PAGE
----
Color-changing chameleon snake discovered in jungles of Borneo
Rhett A. Butler, mongabay.com
June 27, 2006


Scientists discovered a species of snake capable of changing colors. The snake, called the Kapuas mud snake, resides in the rainforest on the island of Borneo, an ecosystem that is increasingly threatened by logging and agricultural development.

The "chameleon snake" was discovered by Dr. Mark Auliya, a German researcher who described it with the help of two American scientists. Dr. Auliya collected two specimens of the half-meter (1.6-foot) long poisonous snake in the swampy forests near the Kapuas river in the Betung Kerihun National Park in Kalimantan (Indonesian Borneo).

"I put the reddish-brown snake in a dark bucket. When I retrieved it a few minutes later, it was almost entirely white," Dr. Auliya said.

Many lizards are known to change color to match their surrounding or express emotion, but the Kapuas mud snake is a rare find -- few snakes are known to have the ability and scientists have yet to study color-changing mechanisms in these legless reptiles.

True chameleons, lizards found in continental Africa and Madagascar, change colors using two layers of specialized cells that lie just beneath the lizard's transparent outer skin. The cells in the upper layer are responsible for yellow and red colors, while the second cell layer reflect blue light. Working in conjunction, these cells can influence the apparent color of the lizard.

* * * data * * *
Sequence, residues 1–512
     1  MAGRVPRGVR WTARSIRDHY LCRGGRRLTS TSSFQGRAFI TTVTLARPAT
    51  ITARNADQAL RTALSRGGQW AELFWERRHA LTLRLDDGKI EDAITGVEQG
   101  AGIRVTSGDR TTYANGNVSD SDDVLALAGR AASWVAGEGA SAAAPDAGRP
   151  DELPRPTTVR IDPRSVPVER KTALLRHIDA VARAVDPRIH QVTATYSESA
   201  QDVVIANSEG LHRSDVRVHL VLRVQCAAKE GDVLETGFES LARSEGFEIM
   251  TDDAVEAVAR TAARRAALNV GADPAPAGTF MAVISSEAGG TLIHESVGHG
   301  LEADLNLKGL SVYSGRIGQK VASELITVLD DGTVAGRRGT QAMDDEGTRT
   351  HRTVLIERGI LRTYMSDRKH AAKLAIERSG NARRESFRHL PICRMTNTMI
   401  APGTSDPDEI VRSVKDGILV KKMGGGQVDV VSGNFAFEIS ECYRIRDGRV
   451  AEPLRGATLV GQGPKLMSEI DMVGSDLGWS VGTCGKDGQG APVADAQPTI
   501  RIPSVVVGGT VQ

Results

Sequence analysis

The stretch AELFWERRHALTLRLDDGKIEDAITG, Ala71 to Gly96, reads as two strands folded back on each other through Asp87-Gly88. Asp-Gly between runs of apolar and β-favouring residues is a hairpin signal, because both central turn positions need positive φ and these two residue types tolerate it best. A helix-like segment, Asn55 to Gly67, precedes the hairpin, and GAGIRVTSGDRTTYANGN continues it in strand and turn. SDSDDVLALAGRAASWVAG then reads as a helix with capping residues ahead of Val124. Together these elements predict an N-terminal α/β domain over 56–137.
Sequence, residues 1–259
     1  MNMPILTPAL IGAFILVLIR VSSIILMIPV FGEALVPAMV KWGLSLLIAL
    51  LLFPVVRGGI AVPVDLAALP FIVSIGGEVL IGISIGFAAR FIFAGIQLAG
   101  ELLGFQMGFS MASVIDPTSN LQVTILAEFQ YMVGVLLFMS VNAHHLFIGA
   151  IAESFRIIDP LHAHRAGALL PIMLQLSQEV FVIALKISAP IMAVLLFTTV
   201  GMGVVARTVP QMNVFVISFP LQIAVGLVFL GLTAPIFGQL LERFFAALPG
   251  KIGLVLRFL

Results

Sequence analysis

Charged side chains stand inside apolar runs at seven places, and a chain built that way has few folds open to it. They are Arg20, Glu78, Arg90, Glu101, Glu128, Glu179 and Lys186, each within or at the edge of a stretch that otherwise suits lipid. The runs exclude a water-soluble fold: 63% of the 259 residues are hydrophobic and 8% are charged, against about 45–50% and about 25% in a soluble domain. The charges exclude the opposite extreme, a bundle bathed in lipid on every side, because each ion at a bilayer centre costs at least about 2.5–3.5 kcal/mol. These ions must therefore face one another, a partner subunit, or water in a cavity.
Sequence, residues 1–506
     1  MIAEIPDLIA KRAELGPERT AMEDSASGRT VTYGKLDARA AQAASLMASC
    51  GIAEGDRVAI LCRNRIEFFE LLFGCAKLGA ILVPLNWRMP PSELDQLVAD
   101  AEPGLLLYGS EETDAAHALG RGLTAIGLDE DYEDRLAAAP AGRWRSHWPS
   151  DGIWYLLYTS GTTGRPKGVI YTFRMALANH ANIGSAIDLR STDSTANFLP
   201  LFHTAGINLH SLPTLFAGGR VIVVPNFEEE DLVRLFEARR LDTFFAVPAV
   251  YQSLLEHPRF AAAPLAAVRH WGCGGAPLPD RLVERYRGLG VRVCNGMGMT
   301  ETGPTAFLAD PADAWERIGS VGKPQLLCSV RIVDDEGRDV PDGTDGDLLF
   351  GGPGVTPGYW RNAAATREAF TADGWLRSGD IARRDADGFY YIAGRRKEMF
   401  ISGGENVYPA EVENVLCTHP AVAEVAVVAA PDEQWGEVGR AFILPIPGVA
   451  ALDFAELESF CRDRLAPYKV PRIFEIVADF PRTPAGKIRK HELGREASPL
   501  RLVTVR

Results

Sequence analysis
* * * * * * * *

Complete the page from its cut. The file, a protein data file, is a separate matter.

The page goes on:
The Kapuas mud snake Enhydris gyii, recently discovered in Kalimantan. Image: WWF-Germany/Mark Auliya

Regardless of how the Kapuas mud snake actually changes color, the find is an important one for conservation in Borneo, where some 361 new species of animals were discovered between 1994 and 2004.

"The discovery of the 'chameleon' snake exposes one of nature's best kept secrets deep in the Heart of Borneo," said Stuart Chapman, international coordinator of the Heart of Borneo initiative for WWF, a leading conservation group.

"Its ability to change color has kept it hidden from science until now. I guess it just picked the wrong color that day."

WWF has warned that Borneo's forest cover has declined rapidly since the 1980s, but the organization is working with the three governments -- Brunei Darussalam, Indonesia and Malaysia -- that control Borneo to ensure that its forest ecosystems are protected in the future.


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CITATION:
Rhett A. Butler, mongabay.com (June 27, 2006).

Color-changing chameleon snake discovered in jungles of Borneo.

http://news.mongabay.com/2006/0627-wwf.html